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Southeast Asia

Sustainable development by 2030: Achievable in Cambodia and Asia and the Pacific

Armida Salsiah Alisjahbana

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Cambodia’s recent development story has much in common with the broader region. Phenomenal growth has changed its economy and society beyond recognition. Yet as in the rest of Asia and the Pacific, progress must be accelerated if sustainable development is to be achieved by 2030. The additional investment needed is significant but is still within Cambodia’s reach. Especially if the economy’s transformation is managed to reduce poverty, and small and medium-sized businesses led by women entrepreneurs can flourish.

At the United Nations Economic and Social Commission for Asia and the Pacific (ESCAP), we take a regional approach to supporting our member States achieve sustainable development. We work with the whole UN family to overcome challenges which cut across borders and to achieve a sweeping set of economic, social and environmental objectives captured by the United Nations 2030 Agenda. I am meeting the Cambodian leadership this week with these objectives in mind. To build on our region’s successes and join forces to accelerate progress.

This approach is crucial because our analysis demonstrates the region must strengthen its effort to achieve sustainable development. Asia and the Pacific has made progress towards eradicating poverty and providing universal education. Measures are underway to achieve affordable clean energy. Yet on its current trajectory, the region needs to do more to achieve all 17 Sustainable Development Goals. When it comes to providing clean water and sanitation, decent work and economic growth, and achieving responsible consumption and production, urgent action is needed to change course.

Cambodia’s impressive economic growth, above seven percent for over two decades, has reduced poverty significantly. Life expectancy has markedly increased, child and maternal mortality declined sharply, the incidence of infectious diseases reduced, and universal primary school enrollment achieved. This is an impressive achievement. Yet as in many parts of Asia and the Pacific, the proceeds of growth have not always been equitably shared. The focus must now be on improving the lives of the 4.5 million people who remain poor or at risk of falling back into poverty.

If Cambodia, and Asia and the Pacific, are to achieve the 2030 Agenda, increased investment is needed. We estimate the additional investment required across the whole of the Asia-Pacific region to be some $1.5 trillion a year. Our analysis shows that the region has the fiscal space to afford this. Yet while possible, mobilizing the additional resources will be challenging. Reforms to increase the tax-take and private sector investment will be necessary in many countries as overseas development assistance declines. In Cambodia, $3 of additional investment is required per person per day to achieve the SDGs. 5.4 percent of GDP a year could end poverty by financing cash transfer payments and universal social protection.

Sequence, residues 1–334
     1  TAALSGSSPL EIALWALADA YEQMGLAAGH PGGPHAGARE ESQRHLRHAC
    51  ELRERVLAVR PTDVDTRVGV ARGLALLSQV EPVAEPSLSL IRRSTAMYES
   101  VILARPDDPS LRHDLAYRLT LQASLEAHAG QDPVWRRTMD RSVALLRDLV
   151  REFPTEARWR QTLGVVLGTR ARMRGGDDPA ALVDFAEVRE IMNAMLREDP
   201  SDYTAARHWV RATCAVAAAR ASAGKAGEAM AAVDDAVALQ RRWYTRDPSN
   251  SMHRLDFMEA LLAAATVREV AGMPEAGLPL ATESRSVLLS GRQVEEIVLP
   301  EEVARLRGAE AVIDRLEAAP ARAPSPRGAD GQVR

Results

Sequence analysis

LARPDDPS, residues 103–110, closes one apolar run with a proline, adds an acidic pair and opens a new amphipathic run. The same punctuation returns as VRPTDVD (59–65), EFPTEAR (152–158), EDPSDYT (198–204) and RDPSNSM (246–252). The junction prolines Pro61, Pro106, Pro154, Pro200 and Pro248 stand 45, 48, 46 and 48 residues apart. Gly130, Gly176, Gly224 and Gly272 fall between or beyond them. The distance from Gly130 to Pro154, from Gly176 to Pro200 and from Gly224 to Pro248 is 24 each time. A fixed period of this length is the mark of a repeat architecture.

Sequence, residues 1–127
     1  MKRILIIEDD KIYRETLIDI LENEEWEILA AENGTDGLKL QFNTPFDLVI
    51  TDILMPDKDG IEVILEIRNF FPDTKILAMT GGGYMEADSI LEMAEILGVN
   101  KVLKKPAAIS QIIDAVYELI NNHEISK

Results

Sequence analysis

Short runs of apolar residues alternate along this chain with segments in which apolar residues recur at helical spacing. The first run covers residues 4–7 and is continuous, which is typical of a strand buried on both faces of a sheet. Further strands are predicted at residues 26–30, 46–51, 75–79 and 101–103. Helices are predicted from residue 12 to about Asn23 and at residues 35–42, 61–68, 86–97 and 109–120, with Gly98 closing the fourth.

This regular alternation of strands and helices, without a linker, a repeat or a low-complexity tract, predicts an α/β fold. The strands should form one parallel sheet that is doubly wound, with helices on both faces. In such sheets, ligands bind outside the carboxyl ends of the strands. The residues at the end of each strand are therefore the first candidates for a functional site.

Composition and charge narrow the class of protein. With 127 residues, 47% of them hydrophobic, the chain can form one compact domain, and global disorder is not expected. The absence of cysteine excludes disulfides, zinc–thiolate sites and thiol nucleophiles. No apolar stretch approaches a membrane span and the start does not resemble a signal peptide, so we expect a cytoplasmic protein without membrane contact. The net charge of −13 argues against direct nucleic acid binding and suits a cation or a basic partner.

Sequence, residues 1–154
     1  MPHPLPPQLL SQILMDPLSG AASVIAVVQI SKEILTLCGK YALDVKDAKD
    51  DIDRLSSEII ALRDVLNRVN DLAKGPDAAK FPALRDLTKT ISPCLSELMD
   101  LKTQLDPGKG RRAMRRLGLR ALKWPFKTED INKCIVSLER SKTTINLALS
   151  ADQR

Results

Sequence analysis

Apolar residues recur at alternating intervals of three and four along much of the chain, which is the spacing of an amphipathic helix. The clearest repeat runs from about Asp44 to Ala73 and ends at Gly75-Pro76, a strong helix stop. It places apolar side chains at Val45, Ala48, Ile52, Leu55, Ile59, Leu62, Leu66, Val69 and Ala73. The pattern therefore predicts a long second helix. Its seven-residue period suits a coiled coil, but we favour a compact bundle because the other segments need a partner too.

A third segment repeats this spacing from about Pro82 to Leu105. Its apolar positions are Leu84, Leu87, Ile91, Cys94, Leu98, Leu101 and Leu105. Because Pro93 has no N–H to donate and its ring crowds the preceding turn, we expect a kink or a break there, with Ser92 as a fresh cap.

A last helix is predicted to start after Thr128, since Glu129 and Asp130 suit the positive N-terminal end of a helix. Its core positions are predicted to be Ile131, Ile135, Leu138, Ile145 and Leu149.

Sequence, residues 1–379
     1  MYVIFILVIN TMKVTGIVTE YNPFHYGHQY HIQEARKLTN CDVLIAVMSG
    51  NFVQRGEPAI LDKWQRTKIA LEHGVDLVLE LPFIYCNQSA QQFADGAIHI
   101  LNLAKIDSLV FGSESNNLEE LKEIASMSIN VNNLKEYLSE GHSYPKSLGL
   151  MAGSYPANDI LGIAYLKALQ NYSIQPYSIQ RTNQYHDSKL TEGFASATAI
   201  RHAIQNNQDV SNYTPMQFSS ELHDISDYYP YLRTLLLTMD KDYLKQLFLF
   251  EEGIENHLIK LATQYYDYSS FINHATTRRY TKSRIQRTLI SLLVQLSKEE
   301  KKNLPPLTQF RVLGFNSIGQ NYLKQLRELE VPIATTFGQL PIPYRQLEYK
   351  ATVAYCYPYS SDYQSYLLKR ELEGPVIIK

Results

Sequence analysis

How can Cambodia take steps to make this happen? Effectively managing the structural transformation of the economy – shifting employment to more productive and diverse activities – will increase the resources available for sustainable investment and reduce poverty. Already, the share of agricultural employment has declined significantly and is now on par with the industrial sector. Services employ nearly half of the workforce. Now, the focus must be on improving labour productivity and supporting new, more advanced, higher value sectors. This would reduce the labour force’s vulnerability to the automation of unskilled, labour intensive tasks. For this, we need to create an ecosystem which is supportive of innovation and entrepreneurs; especially micro, small and medium size enterprises (MSMEs).

MSMEs represent 99 percent of companies in Cambodia. It is a vibrant sector dominated by informal micro businesses predominantly owned by women. Yet MSMEs face a financing gap equivalent to 21 percent of GDP. We want to complement government efforts to improve their access to finance through an initiative focused on promoting female entrepreneurship, because the evidence shows that women-led MSMEs support gender equality and sustainable development. Women employ other women and spend more on their families. So, we are working to increase women entrepreneurs’ access to technology and innovative financing solutions. We are supporting these activities with deeper gender analysis of the MSME sector, including in Cambodia. We want to ensure that the business environment is genuinely gender responsive, one that works for women, powered by women.